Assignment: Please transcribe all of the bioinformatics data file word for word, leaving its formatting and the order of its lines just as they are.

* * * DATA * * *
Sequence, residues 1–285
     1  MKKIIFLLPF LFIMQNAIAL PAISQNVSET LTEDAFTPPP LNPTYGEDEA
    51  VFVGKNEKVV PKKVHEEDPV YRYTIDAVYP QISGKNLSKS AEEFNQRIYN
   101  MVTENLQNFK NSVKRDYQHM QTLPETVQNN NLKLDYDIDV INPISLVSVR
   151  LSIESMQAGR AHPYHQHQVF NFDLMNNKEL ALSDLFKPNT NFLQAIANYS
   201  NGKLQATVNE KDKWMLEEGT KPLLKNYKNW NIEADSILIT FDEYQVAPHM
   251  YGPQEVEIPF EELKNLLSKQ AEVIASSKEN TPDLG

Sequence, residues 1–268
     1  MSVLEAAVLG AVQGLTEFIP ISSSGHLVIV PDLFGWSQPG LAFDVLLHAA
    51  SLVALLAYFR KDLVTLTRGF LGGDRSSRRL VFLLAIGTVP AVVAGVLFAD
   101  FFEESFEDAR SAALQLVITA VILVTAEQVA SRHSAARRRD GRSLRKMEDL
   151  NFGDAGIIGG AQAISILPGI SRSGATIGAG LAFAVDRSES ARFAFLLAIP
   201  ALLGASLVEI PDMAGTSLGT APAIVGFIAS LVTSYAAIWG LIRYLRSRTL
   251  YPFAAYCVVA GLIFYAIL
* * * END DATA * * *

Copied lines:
Sequence, residues 1–285
     1  MKKIIFLLPF LFIMQNAIAL PAISQNVSET LTEDAFTPPP LNPTYGEDEA
    51  VFVGKNEKVV PKKVHEEDPV YRYTIDAVYP QISGKNLSKS AEEFNQRIYN
   101  MVTENLQNFK NSVKRDYQHM QTLPETVQNN NLKLDYDIDV INPISLVSVR
   151  LSIESMQAGR AHPYHQHQVF NFDLMNNKEL ALSDLFKPNT NFLQAIANYS
   201  NGKLQATVNE KDKWMLEEGT KPLLKNYKNW NIEADSILIT FDEYQVAPHM
   251  YGPQEVEIPF EELKNLLSKQ AEVIASSKEN TPDLG

Sequence, residues 1–268
     1  MSVLEAAVLG AVQGLTEFIP ISSSGHLVIV PDLFGWSQPG LAFDVLLHAA
    51  SLVALLAYFR KDLVTLTRGF LGGDRSSRRL VFLLAIGTVP AVVAGVLFAD
   101  FFEESFEDAR SAALQLVITA VILVTAEQVA SRHSAARRRD GRSLRKMEDL
   151  NFGDAGIIGG AQAISILPGI SRSGATIGAG LAFAVDRSES ARFAFLLAIP
   201  ALLGASLVEI PDMAGTSLGT APAIVGFIAS LVTSYAAIWG LIRYLRSRTL
   251  YPFAAYCVVA GLIFYAIL